First Financial in Ind. to enter two states with HopFed acquisition
First Financial in Terre Haute, Ind., has agreed to buy HopFed Bancorp in Hopkinsville, Ky.
The $3 billion-asset First Financial said in a press release Monday that it will pay $128.3 million in cash and stock for the $905 million-asset HopFed. The deal, which is expected to close in the second quarter, priced HopFed at 152% of its tangible book value.
HopFed has 18 bank branches and three loan production offices in Kentucky and Tennessee. It has $664 million in loans and $727 million in deposits.
HopFed “provides us with an opportunity to leverage our capabilities and expand into new markets,” Norman Lowery, First Financial’s president and CEO, said in the release. “We look forward to continuing Heritage's commitment to its customers and the communities it serves.”
First Financial said it expects the deal to be 13% accretive to its 2020 earnings per share. It should take about four years for First Financial to earn back any dilution to its tangible book value.
First Financial plans to cut 30% of HopFed’s annual noninterest expenses.
John Peck, HopFed’s president and CEO, will become a market president for First Financial.
The sale comes less than a year after HopFed reached a truce with Stilwell Group, an activist investor in New York.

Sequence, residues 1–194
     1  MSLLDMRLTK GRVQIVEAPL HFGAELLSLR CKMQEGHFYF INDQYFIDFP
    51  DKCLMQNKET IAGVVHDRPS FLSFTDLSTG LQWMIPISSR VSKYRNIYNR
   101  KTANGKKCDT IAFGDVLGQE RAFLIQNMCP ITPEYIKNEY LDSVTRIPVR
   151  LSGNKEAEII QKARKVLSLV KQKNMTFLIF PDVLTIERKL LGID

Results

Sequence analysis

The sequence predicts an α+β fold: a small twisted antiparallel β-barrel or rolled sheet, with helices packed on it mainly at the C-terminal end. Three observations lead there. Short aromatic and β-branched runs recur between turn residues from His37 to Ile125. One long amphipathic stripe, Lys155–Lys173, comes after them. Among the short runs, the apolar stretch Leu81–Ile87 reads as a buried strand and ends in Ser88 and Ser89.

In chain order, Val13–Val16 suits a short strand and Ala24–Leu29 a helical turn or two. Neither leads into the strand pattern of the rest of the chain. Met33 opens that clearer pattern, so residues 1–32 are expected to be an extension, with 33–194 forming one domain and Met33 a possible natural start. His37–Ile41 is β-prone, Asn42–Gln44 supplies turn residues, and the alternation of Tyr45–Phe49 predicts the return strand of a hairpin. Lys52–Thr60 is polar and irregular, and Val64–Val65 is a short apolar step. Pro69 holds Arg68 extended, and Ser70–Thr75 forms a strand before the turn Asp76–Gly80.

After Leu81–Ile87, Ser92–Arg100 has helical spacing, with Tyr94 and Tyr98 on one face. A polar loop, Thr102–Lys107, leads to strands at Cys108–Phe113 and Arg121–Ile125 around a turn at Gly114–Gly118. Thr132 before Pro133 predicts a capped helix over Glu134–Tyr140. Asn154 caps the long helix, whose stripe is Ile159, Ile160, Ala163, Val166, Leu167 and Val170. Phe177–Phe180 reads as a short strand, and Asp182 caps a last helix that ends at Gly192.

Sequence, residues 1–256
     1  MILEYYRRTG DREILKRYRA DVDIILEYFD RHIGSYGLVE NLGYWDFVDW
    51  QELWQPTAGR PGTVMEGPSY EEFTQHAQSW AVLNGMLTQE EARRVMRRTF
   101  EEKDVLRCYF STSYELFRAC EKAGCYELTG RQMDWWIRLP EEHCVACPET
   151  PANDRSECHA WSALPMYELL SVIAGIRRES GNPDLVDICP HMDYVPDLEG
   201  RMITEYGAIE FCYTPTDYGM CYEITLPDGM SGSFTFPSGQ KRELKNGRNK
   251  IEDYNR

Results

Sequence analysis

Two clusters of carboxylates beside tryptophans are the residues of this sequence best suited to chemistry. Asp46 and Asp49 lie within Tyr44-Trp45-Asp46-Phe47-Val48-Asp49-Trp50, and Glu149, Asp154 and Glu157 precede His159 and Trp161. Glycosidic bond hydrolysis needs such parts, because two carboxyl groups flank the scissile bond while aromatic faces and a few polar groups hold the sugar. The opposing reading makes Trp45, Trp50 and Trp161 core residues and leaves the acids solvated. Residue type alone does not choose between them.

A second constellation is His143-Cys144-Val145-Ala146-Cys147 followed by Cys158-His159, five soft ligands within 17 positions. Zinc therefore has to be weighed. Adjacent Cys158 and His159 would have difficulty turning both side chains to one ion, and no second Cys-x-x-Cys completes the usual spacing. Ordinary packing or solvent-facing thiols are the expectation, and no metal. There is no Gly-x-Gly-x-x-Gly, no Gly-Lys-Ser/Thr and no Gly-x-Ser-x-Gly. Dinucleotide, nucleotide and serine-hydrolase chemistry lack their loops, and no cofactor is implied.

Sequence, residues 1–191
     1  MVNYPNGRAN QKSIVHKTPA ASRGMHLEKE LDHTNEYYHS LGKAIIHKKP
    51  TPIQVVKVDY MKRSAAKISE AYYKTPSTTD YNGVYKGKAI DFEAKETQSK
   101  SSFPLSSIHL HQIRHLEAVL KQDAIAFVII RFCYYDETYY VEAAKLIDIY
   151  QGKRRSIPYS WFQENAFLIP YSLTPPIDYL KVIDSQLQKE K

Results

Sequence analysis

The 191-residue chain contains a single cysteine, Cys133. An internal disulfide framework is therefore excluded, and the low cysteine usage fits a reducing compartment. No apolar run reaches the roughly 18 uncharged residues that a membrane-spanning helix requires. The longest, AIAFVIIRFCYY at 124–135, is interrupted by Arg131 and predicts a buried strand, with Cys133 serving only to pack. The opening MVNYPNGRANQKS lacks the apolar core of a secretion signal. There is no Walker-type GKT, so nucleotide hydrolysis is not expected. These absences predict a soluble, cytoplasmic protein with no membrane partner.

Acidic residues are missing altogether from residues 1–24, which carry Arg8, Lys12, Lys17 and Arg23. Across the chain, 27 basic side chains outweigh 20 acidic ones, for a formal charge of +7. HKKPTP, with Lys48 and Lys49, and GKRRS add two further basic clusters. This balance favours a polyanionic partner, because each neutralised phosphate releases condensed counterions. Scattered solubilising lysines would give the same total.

Stilwell had repeatedly complained about Peck’s salary and a bank acquisition that was eventually called off. The firm successfully nominated a representative to HopFed’s board in 2013, but the individual eventually stepped down.
Stilwell filed a lawsuit against HopFed in 2017 after the company changed its bylaws to bar anyone with a consent order with the Securities and Exchange Commission from pursuing a board seat. Though HopFed later backed off, it was ordered to pay more than $600,000 in Stilwell’s legal fees.
The two sides compromised last April when HopFed agreed to put a Stilwell representative on its board.
Stilwell disclosed in a statement Tuesday that it still owned about 9.4% of HopFed's shares.
First Financial was advised by Raymond James and SmithAmundsen. HopFed was advised by Sandler O'Neill and Jones Walker. Keefe, Bruyette & Woods provided a fairness opinion to HopFed.